I grew up in the very small community of Growing up Loleta in the 1950’s was the best of times. (up in Humboldt County---please spare me the “pot” jokes, I’ve probably heard them all!).
A small town of about eight hundred (I used to joke that included the cows, but in fact, the rich dairy land in the Loleta bottoms probably had a larger populations than that of our human one).
One of the advantages of living in a small town like Loleta is the close-knit community feeling. Any event you attended was merely an extension of the people you knew from home/school/church. There was no need to put up a façade, or indeed, was that even possible, since everyone knew everyone else! What you did on the playground, whose birthday party you went to, or even what you had in your lunchbox every day was public knowledge.
I attended first through eighth grades in the same school, and then went on to high school in the “big” town of (population 5,000) five miles away. There were cliques in my high school, same as today, but instead of the jocks and the cheerleaders, the geeks and the stoners we tended to stay in our own little small-town groups—Loleta, Fortuna, Hydesville, Rhonerville, Rio Dell/Scotia.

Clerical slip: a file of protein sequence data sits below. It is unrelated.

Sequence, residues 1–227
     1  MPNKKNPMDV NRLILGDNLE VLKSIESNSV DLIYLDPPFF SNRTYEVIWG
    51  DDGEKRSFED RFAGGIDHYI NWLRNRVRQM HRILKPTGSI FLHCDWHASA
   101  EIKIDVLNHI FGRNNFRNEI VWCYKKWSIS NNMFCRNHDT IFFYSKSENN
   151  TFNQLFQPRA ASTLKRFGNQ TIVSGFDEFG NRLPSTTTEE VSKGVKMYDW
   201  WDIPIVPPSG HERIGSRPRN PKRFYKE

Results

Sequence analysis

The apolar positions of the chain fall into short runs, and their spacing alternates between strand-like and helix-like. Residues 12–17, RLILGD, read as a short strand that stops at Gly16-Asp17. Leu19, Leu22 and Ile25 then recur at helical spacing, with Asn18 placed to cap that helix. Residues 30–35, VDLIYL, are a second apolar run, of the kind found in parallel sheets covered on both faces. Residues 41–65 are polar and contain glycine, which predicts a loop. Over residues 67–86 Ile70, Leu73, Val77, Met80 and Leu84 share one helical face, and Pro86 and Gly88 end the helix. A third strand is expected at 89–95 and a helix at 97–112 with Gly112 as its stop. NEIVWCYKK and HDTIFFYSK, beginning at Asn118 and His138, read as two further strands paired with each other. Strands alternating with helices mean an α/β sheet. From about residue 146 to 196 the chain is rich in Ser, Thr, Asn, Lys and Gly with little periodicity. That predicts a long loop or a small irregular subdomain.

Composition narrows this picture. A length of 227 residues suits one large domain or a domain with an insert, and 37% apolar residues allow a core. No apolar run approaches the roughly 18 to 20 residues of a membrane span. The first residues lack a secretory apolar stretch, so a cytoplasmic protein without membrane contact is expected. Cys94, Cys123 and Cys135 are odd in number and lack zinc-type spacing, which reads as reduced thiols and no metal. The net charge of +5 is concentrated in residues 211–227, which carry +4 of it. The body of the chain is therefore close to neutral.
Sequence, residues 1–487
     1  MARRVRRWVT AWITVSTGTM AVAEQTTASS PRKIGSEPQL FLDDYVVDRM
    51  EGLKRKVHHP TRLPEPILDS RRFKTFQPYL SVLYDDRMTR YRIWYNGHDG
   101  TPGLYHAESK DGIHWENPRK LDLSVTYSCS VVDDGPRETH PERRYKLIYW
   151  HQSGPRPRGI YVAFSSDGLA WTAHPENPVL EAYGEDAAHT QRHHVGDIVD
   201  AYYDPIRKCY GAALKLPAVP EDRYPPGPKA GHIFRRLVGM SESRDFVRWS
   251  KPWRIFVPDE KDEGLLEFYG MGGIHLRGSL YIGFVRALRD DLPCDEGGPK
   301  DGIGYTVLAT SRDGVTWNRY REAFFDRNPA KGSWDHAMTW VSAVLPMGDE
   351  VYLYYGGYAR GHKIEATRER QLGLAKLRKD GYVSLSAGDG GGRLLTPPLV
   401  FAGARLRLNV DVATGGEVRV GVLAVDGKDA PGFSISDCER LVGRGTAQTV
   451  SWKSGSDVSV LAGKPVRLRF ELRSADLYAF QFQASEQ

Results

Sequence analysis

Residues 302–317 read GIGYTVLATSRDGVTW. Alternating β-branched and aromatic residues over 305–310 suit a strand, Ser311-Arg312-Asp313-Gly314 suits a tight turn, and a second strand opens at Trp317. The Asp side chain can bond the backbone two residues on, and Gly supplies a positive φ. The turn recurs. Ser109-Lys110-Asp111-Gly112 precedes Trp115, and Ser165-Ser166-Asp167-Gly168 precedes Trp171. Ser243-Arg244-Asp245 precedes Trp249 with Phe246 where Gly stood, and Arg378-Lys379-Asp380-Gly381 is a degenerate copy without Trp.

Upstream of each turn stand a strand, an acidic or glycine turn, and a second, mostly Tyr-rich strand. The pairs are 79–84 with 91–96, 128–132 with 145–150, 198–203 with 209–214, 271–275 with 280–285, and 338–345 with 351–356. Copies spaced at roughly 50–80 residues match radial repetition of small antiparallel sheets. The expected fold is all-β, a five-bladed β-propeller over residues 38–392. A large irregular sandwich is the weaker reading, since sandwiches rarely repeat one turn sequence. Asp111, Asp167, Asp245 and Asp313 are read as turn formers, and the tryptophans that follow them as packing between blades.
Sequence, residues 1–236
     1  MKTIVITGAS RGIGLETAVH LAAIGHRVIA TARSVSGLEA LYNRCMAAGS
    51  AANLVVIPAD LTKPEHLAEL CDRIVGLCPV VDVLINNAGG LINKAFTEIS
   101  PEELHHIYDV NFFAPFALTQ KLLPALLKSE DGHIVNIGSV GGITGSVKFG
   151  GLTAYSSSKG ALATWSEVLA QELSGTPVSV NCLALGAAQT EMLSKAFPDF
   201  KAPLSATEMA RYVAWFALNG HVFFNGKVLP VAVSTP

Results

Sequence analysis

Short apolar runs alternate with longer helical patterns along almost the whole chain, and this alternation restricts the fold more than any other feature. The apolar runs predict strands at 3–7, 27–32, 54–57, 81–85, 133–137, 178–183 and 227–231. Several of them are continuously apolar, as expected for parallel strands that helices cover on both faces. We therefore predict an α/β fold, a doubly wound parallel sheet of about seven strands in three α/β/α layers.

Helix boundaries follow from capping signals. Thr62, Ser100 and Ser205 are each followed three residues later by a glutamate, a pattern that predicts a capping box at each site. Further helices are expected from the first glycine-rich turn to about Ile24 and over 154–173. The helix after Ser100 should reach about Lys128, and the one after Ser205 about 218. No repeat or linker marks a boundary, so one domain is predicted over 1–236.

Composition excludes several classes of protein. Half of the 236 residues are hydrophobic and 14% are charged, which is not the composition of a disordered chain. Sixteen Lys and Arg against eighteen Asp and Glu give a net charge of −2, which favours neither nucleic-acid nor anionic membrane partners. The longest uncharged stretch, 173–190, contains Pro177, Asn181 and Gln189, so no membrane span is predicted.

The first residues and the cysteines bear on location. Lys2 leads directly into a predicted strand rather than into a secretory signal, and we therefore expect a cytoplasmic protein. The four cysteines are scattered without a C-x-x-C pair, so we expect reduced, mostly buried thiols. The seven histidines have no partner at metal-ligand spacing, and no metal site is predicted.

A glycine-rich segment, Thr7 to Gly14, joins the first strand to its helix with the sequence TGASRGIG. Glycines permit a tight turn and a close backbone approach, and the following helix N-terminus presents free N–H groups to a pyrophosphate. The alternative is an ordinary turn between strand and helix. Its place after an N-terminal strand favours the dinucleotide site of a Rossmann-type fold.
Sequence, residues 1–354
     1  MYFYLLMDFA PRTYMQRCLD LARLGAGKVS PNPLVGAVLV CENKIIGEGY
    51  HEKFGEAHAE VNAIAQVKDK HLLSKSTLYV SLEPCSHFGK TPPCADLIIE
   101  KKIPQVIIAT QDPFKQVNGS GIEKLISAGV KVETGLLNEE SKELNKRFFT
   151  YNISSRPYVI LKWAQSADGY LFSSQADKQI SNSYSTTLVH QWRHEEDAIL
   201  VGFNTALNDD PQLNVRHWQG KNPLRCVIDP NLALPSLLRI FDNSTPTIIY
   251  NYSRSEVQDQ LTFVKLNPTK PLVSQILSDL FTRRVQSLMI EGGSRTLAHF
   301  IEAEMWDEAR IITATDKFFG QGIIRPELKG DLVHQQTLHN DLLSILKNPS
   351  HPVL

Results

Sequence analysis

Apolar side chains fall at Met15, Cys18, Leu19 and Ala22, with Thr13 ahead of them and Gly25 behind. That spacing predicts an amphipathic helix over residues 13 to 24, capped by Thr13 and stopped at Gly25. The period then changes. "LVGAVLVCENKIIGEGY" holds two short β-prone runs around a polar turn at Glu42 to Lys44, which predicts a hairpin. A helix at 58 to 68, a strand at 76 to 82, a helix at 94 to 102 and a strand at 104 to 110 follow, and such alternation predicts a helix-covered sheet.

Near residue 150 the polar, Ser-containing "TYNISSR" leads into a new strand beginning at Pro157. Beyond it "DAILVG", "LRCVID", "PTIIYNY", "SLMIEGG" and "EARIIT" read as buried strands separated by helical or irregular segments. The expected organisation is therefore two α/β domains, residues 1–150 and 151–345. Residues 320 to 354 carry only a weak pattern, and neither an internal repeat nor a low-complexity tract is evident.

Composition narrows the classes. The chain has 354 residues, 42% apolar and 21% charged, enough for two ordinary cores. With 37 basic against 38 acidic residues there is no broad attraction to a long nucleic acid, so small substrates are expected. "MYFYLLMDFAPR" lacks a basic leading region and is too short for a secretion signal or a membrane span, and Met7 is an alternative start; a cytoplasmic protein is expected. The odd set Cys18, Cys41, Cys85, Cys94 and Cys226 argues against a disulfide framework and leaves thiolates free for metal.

I have stayed in touch with two of my best friends from those years. After high school it was Christmas cards and , with an occasional letter or postcard thrown in. After we all hooked up on the Internet in the late 1990’s, our friendship was easier to maintain. So much so that when we get together now, we don’t have to spend a great deal of time getting “caught up” on each other’s lives. We reminisce, we laugh, we cry. We are comfortable in each other’s presence because of the history we share.
Earlier this month the three of us held a “slumber party” weekend in Sacramento. Although the kool-aid and potato chips were replaced by tapas and sangria, the giggles and laughter and friendship were as they had always been—easy and loud and full of love for old friends.
For more on the value of “old” friendships see: